The announced phase I changes include consolidation of several small teams across the separate universities into one, university-wide team. Separate small cyber-security teams across the NU system will be consolidated into a single university- wide team of 25. Energy and facilities teams across campuses will also be consolidated to one team. A university-wide procurement function will also be created, which NU leadership said “will integrate our procurement resources, talent and practices to provide more effective supplier management and cost savings.” A new university-wide HR team will also be put in place. Many of these consolidations may involve job cuts.

We will be thoughtful with these changes, but some new realities will not be convenient or easy. Job reductions will impact real people, with real livelihoods, though we will capture personnel savings through attrition wherever possible. —NU Leadership

In addition to several university-wide consolidations, the NU system will also reduce mileage reimbursements for employees using personal vehicles for university travel from 53.5 cents per mile to 25 cents per mile. Next week, NU leadership will bring a proposal to the Board of Regents to contract with travel expense reimbursement system Concur.

University-wide policies will be put in place to cut copying and printing costs, by keeping jobs in-house and reducing individual printing by employees.

Future strategies nearing finalization and announcement include printing and copying; financial operations and accounting; public relations, marketing and communications; and travel.

The University of Nebraska is as important to the state’s economy and quality of life as it has ever been. So as we do the difficult work of making cuts during a period of remarkable momentum, we’ll all need to be creative in finding ways to do more with less so that we can continue to serve the state effectively. —NU Leadership

More information can be found on the Budget Response Team website.

 

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Chancellor Gold walks along UNO campus with former student body president Patrick Davlin
Photo courtesy UNO Communications

Charlotte Reilly
News Editor

Chancellor Jeffery Gold began his first day as the interim chancellor of the University of Nebraska at Omaha on May 8, 2017.

UNO staff and students received an email on April 27, 2017 stating Chancellor Gold was selected to replace UNO Chancellor John Christenson as the interim chancellor of UNO. Chancellor Gold has been the chancellor at The University of Nebraska Medical Center since 2014.

“UNO’s student-focused, metropolitan university mission will remain the bedrock of everything we build together,” Chancellor Gold said in a speech during his first day as the UNO chancellor. “Together, we will continue UNO’s rich history of prioritizing not just excellence in education, but also access and opportunity.”

Chancellor Gold listed some of the accomplishments of UNO and UNMC, including education programs that lead to research and health professions, dual degree programs, expanded outreach and advances in biomedical technology programs.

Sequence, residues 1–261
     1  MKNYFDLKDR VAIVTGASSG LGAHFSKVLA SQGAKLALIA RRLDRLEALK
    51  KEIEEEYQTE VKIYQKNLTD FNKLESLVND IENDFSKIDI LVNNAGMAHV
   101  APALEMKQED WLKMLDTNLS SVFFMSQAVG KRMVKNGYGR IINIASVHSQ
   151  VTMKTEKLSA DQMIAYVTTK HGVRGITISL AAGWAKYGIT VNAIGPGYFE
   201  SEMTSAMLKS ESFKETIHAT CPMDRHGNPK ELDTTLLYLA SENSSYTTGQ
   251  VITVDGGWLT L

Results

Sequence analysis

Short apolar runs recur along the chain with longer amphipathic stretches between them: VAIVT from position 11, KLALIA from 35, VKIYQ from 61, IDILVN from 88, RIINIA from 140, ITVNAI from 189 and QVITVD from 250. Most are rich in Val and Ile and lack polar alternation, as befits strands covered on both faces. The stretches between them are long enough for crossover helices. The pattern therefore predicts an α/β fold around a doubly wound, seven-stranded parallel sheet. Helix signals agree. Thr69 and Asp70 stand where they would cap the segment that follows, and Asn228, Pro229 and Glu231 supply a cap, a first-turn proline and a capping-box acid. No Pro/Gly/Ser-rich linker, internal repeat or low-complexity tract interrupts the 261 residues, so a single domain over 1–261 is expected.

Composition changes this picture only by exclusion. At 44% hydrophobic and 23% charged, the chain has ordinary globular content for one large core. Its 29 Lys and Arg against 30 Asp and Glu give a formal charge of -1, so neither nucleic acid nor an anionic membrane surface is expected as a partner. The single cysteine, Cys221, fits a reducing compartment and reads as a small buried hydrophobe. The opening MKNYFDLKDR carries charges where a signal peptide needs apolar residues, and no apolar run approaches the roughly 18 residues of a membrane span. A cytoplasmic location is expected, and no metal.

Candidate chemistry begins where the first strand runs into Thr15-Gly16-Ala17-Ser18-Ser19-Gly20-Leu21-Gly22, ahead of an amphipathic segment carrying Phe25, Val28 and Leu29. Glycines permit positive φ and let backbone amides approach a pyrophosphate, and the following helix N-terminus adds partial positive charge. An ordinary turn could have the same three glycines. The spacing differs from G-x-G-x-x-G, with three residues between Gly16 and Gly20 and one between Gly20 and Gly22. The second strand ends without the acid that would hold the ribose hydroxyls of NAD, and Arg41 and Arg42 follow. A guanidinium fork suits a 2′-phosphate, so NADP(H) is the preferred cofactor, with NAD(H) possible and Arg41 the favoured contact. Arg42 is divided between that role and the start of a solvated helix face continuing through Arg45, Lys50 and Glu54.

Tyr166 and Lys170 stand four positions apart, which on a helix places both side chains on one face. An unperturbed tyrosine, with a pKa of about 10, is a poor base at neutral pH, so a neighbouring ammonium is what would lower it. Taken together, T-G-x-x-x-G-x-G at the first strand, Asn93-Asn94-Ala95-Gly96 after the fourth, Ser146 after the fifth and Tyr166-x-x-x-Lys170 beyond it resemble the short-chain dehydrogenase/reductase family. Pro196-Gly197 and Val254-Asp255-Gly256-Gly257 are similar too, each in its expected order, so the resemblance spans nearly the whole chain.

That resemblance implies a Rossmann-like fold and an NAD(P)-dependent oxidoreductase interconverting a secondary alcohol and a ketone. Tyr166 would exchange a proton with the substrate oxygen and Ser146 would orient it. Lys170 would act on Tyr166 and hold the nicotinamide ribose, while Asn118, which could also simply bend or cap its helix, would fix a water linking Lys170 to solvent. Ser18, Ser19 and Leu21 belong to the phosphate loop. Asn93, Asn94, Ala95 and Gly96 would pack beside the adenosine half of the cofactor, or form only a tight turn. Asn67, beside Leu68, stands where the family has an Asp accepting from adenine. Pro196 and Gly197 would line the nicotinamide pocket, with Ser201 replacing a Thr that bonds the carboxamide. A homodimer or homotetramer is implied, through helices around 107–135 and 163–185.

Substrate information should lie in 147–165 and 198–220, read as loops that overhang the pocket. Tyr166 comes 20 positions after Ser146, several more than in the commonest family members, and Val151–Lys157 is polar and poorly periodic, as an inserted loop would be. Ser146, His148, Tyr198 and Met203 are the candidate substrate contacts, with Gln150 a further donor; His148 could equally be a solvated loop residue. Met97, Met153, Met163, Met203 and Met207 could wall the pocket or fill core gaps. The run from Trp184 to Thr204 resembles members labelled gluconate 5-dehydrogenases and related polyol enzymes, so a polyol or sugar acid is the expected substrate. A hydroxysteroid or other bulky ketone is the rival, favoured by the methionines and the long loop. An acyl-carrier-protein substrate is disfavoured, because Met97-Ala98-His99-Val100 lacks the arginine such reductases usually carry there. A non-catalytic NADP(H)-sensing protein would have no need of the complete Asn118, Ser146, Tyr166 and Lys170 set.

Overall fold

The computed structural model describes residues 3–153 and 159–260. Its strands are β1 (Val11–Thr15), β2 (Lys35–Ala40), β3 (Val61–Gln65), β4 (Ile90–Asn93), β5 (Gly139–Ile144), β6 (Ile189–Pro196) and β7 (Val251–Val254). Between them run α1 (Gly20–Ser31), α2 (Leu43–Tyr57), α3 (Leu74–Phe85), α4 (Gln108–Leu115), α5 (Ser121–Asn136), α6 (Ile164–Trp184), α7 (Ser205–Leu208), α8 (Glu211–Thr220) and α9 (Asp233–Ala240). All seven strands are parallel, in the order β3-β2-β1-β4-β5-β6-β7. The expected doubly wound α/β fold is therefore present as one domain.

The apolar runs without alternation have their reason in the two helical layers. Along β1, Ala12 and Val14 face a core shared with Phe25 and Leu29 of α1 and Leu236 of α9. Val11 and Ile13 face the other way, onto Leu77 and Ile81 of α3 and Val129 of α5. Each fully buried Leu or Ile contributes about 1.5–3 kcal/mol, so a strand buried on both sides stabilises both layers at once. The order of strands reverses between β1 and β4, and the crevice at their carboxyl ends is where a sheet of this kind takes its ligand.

On May 11, 2017, University of Nebraska President Hank Bounds announced that the Nebraska Legislature might be conducting a study to determine if combining the UNMC and UNO campuses is possible and advantageous. The university did not know of or request the study, Bounds explained.

“We’ll be pleased to have conversations with interested senators about the reasoning behind our decision to name Dr. Gold to lead both UNMC and UNO,” Bounds said. “We will make the same points we have shared with all of you: That this appointment opens exciting opportunities for student and faculty collaborations, that we think can find additional fiscal efficiencies, and that while it makes sense for our Omaha-based campuses to work more closely together, UNO and UNMC also each have distinct and important missions to serve our state.”

If the study proceeds, Bounds says he will use the opportunity to show the legislators the role each campus plays in Nebraska communities and explain the decision behind the leadership transition.

 

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Photo courtesy of UNO Communications

After nearly four decades on the University of Nebraska at Omaha campus, the NET broadcast tower next to the College of Public Affairs and Community Service building and Allwine Hall was taken down.

Workers have finished the removal of the NET broadcast tower on the Dodge Campus.

Several surrounding buildings and offices were closed during the tower removal. Now that the tower is down, campus operations are back up and running as normal this week.

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Will Patterson
A&E EDITOR

Clark & Company, a band whose four core members are all University of Nebraska at Omaha sophomores, released its third album, Josephine Had a Dream.

For those who don’t know, Clark & Company is made up of four members, three of which happen to be triplets: Sophie, Simon and Cooper Clark. The fourth member is Cameron Thelander, hence the “company” in Clark & Company.

Sophie plays the keyboard, sings and does the songwriting for the group, while Simon plays drums and other percussion instruments. Cooper plays the acoustic and electric base, and Thelander adds the tenor saxophone that helps give the band it’s unique sound.

The group’s sound is something that is alive and evolving. Since the Clarks began playing, they have witnessed their music go through a series of changes. So-phie said that today the music re-sembles that of the singer-songwriter genre with influences from the world of jazz and blues.

Josephine Had a Dream was officially released with a performance by Clark & Company at Reverb Lounge Friday. The concert gave audience members a live performance by the band and a chance to purchase the latest album.

The latest installment of the Clark & Company album collection features a series of different musicians. Listeners will hear collaborations with several local artists.

“We really wanted to promote this album because I feel like we finally found our sound,” Sophie said. “I think we’ve always had a sound while playing live, but I think this album has really hit home.”